Several strategists and money managers have commented recently about the historic volatility the markets have experienced over the past 30 days. Todays intra-day moves encouraged me to take a closer look at the numbers. Let’s start with todays rollercoaster ride. Pre-market this morning the S&P was down 2.5% from its close on Friday. An impressive move on its own, however what was even more astonishing was the 2.5% rally that happened between 8am-10am, then the 2% decline from 10am-2pm followed by the 2.5% rally into the close. All of this on a day where there was virtually zero economic data or earnings announcements. This is not how a healthy, efficient market works.
S&P Futures intra-day graph 12-Sep-11:
But to really gage the health of the markets we can’t just take one sample day. What we find is that looking over the past 30 days requires a double dose of dramamine (and half a bottle of tums if you’re a trader in these markets). Over this very short time frame the S&P has gone -15.74%, +9.68%, -7.21%, +9.73% and -7.69%. To put these moves into some perspective we’d have to go back 21 years to get an average annualized return of 8% on the S&P (and that’s assuming you re-invested all your dividends!). To put it another way, there were 5 occurences over the past 30 days where the S&P has moved at least what it has been annualizing over the past 25 years! Again, this is not how a healthy market acts.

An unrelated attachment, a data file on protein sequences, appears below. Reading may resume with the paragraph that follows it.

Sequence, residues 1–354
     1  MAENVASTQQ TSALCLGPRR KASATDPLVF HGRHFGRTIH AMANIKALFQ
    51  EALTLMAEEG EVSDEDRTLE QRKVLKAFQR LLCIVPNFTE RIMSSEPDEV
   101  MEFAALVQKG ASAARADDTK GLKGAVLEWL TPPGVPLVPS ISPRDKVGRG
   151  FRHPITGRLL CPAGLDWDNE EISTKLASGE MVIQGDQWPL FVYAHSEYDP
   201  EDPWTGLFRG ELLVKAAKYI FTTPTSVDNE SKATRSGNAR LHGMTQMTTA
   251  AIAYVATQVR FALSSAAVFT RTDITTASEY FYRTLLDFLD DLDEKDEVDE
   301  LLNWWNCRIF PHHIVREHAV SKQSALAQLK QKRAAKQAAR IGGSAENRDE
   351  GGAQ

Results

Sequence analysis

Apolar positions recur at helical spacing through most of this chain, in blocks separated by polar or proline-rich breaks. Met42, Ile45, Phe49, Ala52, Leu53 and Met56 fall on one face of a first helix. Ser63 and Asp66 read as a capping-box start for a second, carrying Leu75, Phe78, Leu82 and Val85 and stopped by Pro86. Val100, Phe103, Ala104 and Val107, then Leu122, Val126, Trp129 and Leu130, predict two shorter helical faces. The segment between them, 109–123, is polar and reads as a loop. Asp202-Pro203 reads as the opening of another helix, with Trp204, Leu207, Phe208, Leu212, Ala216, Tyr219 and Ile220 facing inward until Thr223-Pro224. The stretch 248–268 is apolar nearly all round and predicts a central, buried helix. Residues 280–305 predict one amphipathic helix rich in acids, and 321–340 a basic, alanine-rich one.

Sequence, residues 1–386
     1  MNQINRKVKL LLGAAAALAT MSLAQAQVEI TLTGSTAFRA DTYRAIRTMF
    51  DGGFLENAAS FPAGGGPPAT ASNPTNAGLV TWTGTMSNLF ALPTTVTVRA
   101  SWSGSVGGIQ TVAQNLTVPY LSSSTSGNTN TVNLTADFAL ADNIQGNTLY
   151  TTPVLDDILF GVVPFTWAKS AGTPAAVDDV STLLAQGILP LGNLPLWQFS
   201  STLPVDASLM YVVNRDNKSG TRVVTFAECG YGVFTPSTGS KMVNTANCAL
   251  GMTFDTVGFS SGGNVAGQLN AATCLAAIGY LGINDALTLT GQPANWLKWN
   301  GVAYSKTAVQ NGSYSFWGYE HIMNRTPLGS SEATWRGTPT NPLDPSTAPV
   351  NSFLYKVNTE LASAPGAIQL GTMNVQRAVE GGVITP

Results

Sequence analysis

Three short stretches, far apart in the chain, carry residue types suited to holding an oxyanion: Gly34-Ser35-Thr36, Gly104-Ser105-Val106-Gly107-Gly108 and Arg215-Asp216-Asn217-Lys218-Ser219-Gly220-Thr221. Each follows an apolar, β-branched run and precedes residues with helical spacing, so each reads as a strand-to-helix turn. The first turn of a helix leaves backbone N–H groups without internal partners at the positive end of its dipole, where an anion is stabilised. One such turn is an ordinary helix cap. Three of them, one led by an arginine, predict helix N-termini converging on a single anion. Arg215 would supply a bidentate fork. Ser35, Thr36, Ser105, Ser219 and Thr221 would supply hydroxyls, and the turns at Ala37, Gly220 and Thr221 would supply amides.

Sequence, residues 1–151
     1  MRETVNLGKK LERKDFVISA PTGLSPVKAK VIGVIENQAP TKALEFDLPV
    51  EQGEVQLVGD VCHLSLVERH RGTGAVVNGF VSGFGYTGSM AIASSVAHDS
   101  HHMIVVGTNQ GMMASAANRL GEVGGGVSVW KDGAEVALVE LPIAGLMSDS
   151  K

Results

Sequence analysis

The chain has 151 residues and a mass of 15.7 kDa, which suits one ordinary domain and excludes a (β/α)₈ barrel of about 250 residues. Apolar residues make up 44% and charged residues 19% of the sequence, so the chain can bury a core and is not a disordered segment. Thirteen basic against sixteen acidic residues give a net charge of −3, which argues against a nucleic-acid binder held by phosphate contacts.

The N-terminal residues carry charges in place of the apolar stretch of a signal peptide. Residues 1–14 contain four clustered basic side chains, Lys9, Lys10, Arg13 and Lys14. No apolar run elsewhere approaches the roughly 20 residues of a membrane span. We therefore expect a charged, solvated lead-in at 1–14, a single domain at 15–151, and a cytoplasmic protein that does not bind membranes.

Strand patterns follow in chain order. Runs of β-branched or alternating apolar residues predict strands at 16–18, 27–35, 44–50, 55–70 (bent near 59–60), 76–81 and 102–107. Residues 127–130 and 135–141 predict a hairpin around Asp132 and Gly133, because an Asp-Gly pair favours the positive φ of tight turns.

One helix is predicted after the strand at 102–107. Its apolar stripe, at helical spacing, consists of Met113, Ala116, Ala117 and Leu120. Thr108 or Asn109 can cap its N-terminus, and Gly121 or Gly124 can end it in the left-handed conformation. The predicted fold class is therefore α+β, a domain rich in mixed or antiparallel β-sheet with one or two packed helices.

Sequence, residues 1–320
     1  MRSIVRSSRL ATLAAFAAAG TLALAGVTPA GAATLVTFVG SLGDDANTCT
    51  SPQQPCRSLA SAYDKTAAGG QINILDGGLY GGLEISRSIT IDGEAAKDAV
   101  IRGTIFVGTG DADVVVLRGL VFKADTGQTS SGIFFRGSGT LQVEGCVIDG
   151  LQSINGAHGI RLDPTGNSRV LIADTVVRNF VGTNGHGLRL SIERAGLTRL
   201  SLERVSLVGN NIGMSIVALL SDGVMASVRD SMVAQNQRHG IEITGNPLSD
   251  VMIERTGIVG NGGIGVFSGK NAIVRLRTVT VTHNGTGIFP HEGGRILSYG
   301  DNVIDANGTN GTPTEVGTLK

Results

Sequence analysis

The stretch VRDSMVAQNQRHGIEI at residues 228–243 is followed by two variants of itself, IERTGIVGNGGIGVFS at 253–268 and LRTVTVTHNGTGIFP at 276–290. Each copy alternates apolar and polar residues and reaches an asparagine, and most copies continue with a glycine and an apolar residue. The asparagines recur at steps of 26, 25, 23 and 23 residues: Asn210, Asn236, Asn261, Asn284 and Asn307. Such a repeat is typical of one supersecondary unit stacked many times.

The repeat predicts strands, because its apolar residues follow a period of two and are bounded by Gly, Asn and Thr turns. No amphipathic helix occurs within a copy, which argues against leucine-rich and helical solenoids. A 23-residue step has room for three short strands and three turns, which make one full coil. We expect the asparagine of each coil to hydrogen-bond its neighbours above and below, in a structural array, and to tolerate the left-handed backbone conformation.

Finally, from August 1st this year through today the realized volatility on the S&P has been 45! This means that on average the S&P has moved 2.8% a day for the past 30 trading days. There were even 2 days in August (the 8th and 9th) where the daily peak to trough in the S&P was more than 6%! These are historic moves. In fact, on a weekly basis, this is the third highest level of volatility over any week that we’ve seen in over 30 years (the crash in ’87 and the credit crisis in ’08 being the only higher).